Young campaign prowered either by moxie or desparir

June 04, 1998|By MICHAEL OLESKER

LARRY YOUNG runs for office on the clear belief that his constituents aren't paying attention. Nothing else explains the naked moxie of a man expelled from the Maryland Senate six months ago who now plans a re-election fund-raiser for next week. What's his campaign slogan: "Elect Me, I Have Not Yet Been Indicted"?

It's probably just a matter of time. Even Young himself, in the grim final hour of his previous life as a state senator, offered the feeblest of defenses. He pleaded naivete. After 24 years in the legislature, after 24 years in which he was regarded as one of the savviest of political insiders, he stood in front of his Senate colleagues last winter and used these phrases:

"I didn't know."

He meant, about conflicts of interest.

"I made a mistake."

He meant, about taking thousands of dollars under the table from financially strapped Coppin State College, and then

performing no work at all for this money, which otherwise could have put more than a score of impoverished kids through school.

"I didn't know I was out of line."

He meant, for taking big money from a health care company angling to do business with the [See Olesker, 4b] state, whose executives knew they had to win favor with the powerful Young.

"I took the car, but"

He meant, about taking a car from an ambulance company doing business with the state.

So pathetic, and so unbelievable, was Young's defense that, when the vote for censure was tallied it was 46 to 1. Only Young voted not to censure Young. And the vote for expulsion was an overwhelming 36 to 10, a vote made more dramatic because it was the first time in more than 200 years that the legislature was forced to make such a gesture of revulsion and contempt.

And now, barely six months later, with prosecutors presenting all sorts of evidence to grand jurors (only this week, they're investigating $91,000 in checks issued by a health care company with close ties to Young), the once-and-perhaps-future state senator is working out last-minute details for a $50-a-head re-election fund-raiser next Thursday at a downtown restaurant, the Baltimore Brewing Company.

Among some political insiders, the thinking behind such a campaign is clear: What else but politics can Young do for a living? He's an expert on health care matters, but so what? Once so lovingly romanced by health care companies hoping for his help in securing lucrative state contracts, he's now become a pariah to them.

He's got his own private business - the LY Group, in West Baltimore, specializing in the business of health care - but that firm's existence depended overwhelmingly on Young's special insider status in state government, and was at the very heart of his Senate expulsion.

"Without that connection," a political insider was saying yesterday, "he can't do anything for these firms. And they can't hire him, because he's damaged goods. So what's he got left but to run for office again, and hope to brazen it out?"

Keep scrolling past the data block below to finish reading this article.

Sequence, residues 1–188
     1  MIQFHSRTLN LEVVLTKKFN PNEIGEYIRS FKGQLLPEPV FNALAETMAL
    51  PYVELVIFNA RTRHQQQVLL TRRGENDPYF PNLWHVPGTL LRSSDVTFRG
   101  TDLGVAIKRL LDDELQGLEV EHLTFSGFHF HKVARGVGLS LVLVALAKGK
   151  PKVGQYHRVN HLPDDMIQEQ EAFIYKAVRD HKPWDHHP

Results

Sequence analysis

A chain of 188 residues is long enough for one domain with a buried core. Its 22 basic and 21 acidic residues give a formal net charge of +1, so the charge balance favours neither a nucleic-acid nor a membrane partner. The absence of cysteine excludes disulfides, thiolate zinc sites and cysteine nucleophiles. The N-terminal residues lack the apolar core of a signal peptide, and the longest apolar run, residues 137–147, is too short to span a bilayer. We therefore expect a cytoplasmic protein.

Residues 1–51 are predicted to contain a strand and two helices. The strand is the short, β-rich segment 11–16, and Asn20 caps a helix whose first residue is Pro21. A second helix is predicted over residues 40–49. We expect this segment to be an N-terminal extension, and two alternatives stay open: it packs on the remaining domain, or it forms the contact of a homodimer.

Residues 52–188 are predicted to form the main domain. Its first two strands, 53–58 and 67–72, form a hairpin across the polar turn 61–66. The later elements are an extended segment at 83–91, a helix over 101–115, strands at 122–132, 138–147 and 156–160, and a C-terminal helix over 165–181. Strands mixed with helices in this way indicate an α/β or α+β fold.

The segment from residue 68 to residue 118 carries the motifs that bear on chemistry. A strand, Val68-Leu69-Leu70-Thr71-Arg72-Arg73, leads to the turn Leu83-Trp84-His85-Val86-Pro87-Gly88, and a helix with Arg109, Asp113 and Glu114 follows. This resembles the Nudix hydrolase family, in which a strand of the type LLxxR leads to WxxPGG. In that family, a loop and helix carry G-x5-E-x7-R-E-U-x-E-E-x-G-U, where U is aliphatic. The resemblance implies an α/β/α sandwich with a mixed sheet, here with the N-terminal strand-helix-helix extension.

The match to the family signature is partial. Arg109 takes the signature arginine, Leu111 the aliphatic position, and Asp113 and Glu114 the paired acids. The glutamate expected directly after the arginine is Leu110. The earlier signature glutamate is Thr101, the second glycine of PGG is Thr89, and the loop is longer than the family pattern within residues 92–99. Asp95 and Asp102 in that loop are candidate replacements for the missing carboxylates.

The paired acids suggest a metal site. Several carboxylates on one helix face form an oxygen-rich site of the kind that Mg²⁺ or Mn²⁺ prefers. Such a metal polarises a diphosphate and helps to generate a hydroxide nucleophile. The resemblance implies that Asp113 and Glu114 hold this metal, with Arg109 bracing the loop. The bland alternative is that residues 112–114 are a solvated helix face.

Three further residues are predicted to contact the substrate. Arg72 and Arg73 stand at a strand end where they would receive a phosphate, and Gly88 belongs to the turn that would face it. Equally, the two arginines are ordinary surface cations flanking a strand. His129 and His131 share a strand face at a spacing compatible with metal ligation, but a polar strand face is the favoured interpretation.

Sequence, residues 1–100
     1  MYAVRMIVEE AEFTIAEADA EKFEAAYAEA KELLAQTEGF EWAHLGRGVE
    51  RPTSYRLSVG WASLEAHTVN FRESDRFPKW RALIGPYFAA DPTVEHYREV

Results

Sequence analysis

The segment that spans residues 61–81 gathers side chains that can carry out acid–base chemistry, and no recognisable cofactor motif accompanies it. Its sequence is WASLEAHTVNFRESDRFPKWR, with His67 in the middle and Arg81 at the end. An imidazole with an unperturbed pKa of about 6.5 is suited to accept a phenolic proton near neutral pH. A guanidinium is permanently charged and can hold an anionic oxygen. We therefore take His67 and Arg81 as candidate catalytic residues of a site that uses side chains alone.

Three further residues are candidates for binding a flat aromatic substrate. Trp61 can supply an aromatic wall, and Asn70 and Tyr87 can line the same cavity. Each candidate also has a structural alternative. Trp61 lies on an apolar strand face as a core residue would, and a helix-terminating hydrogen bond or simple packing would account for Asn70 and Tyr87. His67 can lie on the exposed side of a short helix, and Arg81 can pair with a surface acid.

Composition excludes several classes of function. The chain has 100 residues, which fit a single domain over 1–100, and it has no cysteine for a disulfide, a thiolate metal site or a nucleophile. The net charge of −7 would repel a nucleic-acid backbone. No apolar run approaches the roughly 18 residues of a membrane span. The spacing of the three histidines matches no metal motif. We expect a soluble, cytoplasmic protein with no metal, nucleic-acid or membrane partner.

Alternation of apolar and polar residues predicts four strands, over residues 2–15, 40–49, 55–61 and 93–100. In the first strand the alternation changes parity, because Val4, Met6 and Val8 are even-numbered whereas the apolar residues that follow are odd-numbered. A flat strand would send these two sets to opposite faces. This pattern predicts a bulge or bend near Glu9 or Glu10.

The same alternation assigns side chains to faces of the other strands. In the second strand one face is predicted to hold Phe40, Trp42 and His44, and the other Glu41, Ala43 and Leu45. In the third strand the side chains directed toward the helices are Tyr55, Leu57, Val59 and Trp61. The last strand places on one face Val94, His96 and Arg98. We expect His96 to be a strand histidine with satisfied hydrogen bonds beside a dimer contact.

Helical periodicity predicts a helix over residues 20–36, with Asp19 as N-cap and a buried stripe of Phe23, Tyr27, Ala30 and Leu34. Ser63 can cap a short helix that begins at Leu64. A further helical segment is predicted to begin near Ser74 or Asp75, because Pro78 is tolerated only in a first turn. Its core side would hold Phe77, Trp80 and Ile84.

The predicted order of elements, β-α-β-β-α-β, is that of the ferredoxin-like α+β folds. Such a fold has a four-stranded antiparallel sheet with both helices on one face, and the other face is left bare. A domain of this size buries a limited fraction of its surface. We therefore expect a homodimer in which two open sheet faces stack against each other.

His fund-raiser tickets refer to "State Senator Larry Young" - as though none of this expulsion business ever took place - and call him "hard-working, un-bought, un-bossed." If elected, he would return to the Senate as a member in good standing, assigned to a committee and given the same privileges as any other member - subject to change only if he's criminally convicted out of either state or federal investigations.

Young has remained uncharacteristically quiet through all of this, though some political allies who supported him last winter are not.

Del. Clarence M. Mitchell IV, for instance. "When you're there for folks, people don't forget," Mitchell said.

That's willfully superficial and misleading, and Mitchell knows it. In fact, it touches on the great tragedy of Larry Young. Yes, he understood his constituents' troubles and worked to alleviate them. Yes, their needs are some of the greatest in the state. For many years, those with political muscle in Annapolis neglected the problems of West Baltimore, for reasons relating to race, to money, and to sheer indifference.

When Young arrived, he learned the insider's game, learned how to trade favors, learned how to turn out the vote, learned how to use power in constructive ways.

But he also learned how to manipulate it when he imagined nobody was looking. Grand jurors have been given damning information about Young's financial activities. But, even if there were no criminal investigation, the facts already revealed in public, the pitiful defenses Young has offered, and the gesture of official revulsion by his former colleagues all tell a lamentable story.

For Young to run for re-election in the face of all this is breathtaking. That he might be re-elected could only mean that voters aren't paying attention. If they were, they'd realize they're being played for suckers.

Pub Date: 6/04/98

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